The AIM-92 Air-to-Air Stinger is an American infrared homing air-to-air missile. It was introduced in Update 1.91 "Night Vision". It is a helicopter-mounted variant of the well known FIM-92 Stinger fire-and-forget shoulder-fired anti-air missile.
Vehicles equipped with this weapon
- ▃AH-64A Peten
- AH-64A Peten
- AH-64D (Modification)
- AH-64DJP (Modification)
- EC-665 Tiger UHT
- Lynx AH.Mk.1
|Lock range (rear-aspect)||6 km|
|Lock range (all-aspect)||6 km|
|Launch range||5 km|
|Maximum speed||2.2 M|
|Maximum overload||10 G|
|Missile guidance time||17 secs|
|Explosive mass||540 g TNTe|
The damage of the missile is poor to say the least, it requires a direct hit on a vital part like the engines or fuel tanks in order to do significant damage. Helicopters can be hit in the main fuselage by the Stinger with minimal damage to the flight performance. Securing a hit to a vital component is essential.
Comparison with analogues
The missile is identical in many points to the Soviet 9M39 Igla. Its top speed is higher, and it only has a slightly longer guidance time and a slightly larger explosive mass.
Usage in battles
This missile is designed with helicopter-based air to air combat in mind, with an emphasis on defence against strafing attacks by jets. The Stinger allows the helicopter to counterattack an aircraft that is quickly closing in, usually destroying or crippling it before it can fire. It is also useful against other helicopters, and its longer lock-on range than most IR missiles will give it a competitive advantage.
Pros and cons
- Best lock-on range of all helicopter IR missiles
- All-aspect tracking
- Worse tracking than other missiles of its class
- Abysmal explosive mass compared to contemporaries
During the 1980s, around when the improved Stinger-RMP models became operational, these missiles were used as a basis for air-to-air weapons on aerial mounts. These adapted missiles are officially recognized as ATAS (Air To Air Stinger). The missiles were initially designed and mounted onto OH-58 Kiowa observation helicopters for self-defence against enemy air targets. Though the Stinger is sometimes referred to as AIM-92 in the air configuration, it has been suggested that this naming is unofficial and that the ATAS is still referred as a FIM-92.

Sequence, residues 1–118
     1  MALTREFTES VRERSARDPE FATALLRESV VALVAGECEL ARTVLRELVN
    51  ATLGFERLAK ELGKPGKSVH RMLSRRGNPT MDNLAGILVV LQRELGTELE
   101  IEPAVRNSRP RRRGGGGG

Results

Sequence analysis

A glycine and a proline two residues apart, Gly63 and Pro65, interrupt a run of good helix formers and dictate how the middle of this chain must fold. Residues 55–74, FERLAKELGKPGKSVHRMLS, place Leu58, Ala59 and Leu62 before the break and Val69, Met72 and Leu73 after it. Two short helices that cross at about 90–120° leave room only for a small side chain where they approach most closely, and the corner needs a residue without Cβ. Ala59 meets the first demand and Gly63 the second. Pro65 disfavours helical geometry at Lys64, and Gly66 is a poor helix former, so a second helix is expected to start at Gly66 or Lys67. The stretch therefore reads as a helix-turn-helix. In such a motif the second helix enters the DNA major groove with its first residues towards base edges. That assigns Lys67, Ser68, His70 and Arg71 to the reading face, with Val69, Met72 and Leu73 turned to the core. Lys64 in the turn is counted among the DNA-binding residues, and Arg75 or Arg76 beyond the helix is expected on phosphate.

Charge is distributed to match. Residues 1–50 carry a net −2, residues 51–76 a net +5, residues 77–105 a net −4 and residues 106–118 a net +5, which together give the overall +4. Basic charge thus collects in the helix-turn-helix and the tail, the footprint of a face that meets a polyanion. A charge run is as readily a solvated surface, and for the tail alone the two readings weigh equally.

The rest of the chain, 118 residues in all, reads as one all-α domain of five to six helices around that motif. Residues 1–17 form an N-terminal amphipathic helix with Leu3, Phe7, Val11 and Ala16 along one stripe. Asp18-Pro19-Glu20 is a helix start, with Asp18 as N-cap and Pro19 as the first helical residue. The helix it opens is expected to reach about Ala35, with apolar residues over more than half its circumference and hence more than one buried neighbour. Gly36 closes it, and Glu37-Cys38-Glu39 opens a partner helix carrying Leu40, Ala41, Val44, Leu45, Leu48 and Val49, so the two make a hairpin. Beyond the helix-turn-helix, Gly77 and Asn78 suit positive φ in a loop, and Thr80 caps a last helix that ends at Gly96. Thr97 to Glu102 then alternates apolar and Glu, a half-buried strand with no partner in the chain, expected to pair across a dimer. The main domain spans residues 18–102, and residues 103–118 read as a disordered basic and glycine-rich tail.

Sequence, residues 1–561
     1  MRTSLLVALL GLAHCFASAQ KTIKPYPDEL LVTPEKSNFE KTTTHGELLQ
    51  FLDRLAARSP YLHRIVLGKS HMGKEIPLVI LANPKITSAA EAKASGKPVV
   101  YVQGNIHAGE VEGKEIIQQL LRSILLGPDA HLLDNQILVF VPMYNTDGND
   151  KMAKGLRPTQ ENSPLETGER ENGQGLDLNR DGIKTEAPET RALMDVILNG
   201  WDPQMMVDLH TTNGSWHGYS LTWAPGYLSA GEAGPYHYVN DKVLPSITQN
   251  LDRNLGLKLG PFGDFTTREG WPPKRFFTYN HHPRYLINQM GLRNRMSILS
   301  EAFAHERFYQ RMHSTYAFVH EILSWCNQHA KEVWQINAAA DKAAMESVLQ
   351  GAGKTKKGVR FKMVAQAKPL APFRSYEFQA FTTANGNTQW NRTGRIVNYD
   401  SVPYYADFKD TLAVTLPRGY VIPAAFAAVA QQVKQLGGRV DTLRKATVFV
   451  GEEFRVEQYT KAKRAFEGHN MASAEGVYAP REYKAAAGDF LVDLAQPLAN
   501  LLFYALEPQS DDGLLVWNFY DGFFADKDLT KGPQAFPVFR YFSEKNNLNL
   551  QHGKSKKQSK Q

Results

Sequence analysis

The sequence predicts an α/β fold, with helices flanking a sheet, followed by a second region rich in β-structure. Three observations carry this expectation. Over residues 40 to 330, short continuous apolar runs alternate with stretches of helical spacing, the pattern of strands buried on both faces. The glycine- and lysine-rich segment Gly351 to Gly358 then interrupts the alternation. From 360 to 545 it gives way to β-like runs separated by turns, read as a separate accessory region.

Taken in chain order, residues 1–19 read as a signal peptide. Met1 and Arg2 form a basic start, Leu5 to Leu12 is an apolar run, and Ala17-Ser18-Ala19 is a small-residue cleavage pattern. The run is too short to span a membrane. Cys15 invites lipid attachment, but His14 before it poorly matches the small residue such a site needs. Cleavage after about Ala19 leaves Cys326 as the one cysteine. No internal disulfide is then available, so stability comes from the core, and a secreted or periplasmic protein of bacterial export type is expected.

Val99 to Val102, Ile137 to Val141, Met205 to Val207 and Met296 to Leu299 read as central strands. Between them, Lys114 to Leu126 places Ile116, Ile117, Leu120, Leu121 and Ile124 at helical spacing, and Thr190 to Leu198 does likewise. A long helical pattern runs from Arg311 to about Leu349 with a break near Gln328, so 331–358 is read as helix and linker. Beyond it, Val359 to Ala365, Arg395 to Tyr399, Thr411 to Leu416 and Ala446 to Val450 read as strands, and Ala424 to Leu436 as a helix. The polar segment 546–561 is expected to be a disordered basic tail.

As with the standard Stinger-RMP, the ATAS were also upgraded in similar fashion. The first was the Block I modification which introduced improvements such as the removal of the need to "super-elevate" the missile (the additional elevation angle added to the missile's line-of-sight). The second improvement was the Block II modification which introduced a new seeker, a new battery, and advanced signal processing capabilities. These upgrades aim at improving the missile's shelf life, missile accuracy, night-fighting capability, and capability.
- FIM-92 Stinger - Ground-launched variant of the Stinger
- 9M39 Igla - Soviet anti-aircraft missile that was also derived from a MANPADS platform.
- Lawrence et al. 1988, pg 1
- Parsch 2005
- GlobalSecurity.org "Chapter 3: Firing the Stinger"
- Pike and Sherman 2000
- GlobalSecurity.org "Chapter 3: Firing the Stinger" Global Security, Website. Accessed 07 Apr. 2021 (Web Archive).
- Lawrence, John S, et al. Preliminary Airworthiness Evaluation of the AH-64A Equipped with the Air To Air Stinger (ATAS) Missile System. Defense Technical Information Center, December 1988.
- Parsch, Andreas. "FIM-92" Designation Systems, 14 Feb. 2005, Website. Accessed 07 Apr. 2021 (Web Archive).
- Pike, John; Sherman, Robert. "FIM-92A Stinger Weapons System: RMP & Basic." Federation of American Scientists - Military Analysis Network, 09 Aug. 2000, Website. Accessed 07 Apr. 2021 (Web Archive).